Intel Sinks as China Tells Telecom Firms to Ditch Its Chips

On Friday, Intel Corporation’s shares tanked after China issued new guidelines telling telecom carriers to stop using Intel chips by 2027.

The California-based tech giant’s stock retreated 5.16% to $35.69 per share on April 12, followed by a 0.20% after-hours slide. Moreover, industry watchers anticipate a 0.62% decline to $35.47 apiece in the coming market session.

According to analysts, Beijing’s move dealt a significant blow to Intel’s near-term strategy, especially regarding its neural processing units (NPUs). China was Intel’s largest market in 2023, accounting for over 27.00% of the chipmaker’s total revenue.

Previously, the company unveiled plans to use its NPUs to improve its position in the generative AI (GenAI) arms race. An Intel NPU can outperform an Nvidia GPU in large language model (LLM) processing on low-demand devices like smartphones.

Under China’s Ministry of Industry and Information Technology’s directive, all state-owned telecommunication providers must scrutinize their networks for foreign-manufactured chips and provide a strategy and timeline for the removal of Intel and other Western-made processors.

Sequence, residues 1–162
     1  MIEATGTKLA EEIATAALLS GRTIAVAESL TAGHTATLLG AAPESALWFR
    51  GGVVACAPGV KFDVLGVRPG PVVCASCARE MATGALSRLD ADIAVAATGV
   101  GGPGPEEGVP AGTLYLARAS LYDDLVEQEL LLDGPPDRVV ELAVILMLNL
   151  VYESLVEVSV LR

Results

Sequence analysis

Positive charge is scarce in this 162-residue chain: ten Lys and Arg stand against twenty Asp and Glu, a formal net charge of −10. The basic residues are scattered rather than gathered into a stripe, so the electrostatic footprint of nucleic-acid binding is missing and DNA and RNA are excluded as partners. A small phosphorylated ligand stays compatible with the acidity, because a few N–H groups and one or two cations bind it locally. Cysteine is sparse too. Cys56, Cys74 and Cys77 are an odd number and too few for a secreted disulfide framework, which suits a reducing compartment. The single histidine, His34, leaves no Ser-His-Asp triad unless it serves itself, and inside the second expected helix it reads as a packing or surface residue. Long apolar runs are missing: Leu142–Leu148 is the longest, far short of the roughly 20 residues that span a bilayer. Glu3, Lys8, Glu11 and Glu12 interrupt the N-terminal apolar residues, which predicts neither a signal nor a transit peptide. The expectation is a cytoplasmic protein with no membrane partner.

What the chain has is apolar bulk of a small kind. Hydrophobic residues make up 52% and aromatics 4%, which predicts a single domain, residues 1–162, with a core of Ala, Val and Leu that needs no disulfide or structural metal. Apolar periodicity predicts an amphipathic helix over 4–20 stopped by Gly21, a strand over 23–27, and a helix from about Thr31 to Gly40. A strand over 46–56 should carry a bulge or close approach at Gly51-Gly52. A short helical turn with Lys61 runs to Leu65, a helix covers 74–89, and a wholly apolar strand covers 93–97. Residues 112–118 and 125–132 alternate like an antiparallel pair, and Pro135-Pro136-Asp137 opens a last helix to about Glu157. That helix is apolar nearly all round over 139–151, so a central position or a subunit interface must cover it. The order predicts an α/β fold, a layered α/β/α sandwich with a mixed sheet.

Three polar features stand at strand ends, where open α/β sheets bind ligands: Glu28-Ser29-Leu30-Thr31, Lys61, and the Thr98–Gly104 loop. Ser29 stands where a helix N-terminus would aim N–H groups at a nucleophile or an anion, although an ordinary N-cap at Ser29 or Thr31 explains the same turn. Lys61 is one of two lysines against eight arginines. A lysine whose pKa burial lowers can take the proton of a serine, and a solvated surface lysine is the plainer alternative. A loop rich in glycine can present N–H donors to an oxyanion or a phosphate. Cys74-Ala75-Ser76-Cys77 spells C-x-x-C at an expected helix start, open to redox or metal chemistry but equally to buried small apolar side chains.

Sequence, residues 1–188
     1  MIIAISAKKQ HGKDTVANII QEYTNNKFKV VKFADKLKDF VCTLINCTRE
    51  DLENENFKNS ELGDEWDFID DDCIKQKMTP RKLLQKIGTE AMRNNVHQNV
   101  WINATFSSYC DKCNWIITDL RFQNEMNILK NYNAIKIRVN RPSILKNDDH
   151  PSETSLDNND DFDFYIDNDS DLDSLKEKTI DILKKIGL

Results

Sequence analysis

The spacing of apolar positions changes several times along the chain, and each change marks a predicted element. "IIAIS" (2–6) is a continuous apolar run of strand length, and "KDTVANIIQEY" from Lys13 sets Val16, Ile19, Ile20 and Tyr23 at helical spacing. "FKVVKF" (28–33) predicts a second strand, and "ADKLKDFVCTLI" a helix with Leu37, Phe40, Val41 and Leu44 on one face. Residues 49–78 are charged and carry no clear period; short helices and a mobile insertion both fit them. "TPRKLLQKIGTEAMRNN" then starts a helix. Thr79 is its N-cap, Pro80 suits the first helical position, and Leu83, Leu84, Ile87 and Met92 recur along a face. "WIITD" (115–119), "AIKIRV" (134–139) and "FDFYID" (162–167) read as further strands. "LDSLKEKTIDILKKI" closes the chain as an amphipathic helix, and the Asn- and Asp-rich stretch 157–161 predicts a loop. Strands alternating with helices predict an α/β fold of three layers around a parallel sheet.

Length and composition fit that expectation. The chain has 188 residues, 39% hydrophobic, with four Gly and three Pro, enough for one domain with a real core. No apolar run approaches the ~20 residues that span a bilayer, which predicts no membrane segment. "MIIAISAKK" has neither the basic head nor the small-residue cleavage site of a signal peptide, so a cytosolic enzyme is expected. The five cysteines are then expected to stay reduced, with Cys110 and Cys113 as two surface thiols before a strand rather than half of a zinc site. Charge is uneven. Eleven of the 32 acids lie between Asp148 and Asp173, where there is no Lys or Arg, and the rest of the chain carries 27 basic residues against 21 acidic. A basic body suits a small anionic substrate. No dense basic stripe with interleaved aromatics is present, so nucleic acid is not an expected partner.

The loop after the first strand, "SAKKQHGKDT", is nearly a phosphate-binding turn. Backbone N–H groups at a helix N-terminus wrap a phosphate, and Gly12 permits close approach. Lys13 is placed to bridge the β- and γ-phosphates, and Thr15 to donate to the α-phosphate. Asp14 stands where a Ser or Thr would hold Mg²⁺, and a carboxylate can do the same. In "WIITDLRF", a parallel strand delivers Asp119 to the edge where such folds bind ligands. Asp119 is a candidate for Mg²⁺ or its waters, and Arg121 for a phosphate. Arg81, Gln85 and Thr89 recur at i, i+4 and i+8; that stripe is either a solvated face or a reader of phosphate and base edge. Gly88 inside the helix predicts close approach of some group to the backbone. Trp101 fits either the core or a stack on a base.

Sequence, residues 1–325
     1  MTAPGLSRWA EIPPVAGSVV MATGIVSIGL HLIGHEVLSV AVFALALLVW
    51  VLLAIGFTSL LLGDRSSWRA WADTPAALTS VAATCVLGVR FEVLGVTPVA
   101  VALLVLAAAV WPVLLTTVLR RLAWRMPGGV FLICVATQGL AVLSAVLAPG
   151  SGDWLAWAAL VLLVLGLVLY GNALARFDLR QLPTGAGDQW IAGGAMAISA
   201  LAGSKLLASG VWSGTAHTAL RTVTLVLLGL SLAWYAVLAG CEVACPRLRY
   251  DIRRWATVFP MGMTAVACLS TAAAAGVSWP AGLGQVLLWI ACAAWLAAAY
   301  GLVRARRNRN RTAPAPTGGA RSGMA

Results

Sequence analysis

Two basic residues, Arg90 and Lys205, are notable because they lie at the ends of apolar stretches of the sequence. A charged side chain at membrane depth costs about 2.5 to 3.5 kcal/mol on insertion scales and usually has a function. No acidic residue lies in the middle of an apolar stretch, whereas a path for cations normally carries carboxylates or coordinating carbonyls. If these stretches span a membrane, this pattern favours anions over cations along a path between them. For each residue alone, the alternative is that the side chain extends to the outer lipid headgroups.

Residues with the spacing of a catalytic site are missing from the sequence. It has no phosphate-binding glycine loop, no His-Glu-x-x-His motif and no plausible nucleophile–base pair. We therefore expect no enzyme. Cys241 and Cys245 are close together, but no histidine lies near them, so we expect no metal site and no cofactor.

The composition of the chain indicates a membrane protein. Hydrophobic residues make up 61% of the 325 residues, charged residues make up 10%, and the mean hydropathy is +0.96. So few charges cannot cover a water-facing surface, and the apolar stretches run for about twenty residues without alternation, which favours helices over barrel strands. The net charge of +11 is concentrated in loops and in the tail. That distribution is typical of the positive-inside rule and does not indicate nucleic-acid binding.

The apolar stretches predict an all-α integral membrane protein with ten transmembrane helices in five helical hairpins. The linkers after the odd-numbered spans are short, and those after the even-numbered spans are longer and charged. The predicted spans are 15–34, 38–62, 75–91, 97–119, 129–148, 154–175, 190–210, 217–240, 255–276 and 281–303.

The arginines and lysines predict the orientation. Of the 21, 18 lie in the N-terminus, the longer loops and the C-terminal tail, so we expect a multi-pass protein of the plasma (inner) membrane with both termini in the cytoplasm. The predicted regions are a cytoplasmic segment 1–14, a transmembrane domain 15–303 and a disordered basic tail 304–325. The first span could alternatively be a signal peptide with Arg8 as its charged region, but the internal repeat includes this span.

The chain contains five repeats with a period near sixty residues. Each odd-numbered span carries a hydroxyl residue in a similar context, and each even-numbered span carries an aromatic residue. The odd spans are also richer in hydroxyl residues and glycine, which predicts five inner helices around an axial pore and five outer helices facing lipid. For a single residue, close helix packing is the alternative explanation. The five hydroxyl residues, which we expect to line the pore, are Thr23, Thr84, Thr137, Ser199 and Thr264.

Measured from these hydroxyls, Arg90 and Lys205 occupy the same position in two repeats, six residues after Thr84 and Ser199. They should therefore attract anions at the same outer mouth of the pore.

Moreover, the move aligns with Beijing’s long-term plan to eliminate its technological reliance on the West. Starting last year, China eased its regulatory crackdown while expanding support for domestic tech companies amid tougher US tech sanctions.

China Hits Intel as Tech War with the US Escalates

Tech experts see the Intel ban as retaliation to a new law that forces the Beijing-headquartered ByteDance to sell its stake in TikTok. On March 13, the US Congress overwhelmingly passed the bill, which classified the popular social media app as a threat to America’s national security.

Furthermore, the US tightened its sanctions in October last year to prohibit the sale of more GenAI chips to China. In 2022, the world’s biggest economy openly stated its intent to derail China from catching up to the West regarding AI technology.

In response, the CCP launched an initiative to make China technologically independent within a decade. This movement negatively impacted various US tech companies, including Intel, Nvidia, AMD, and Apple.

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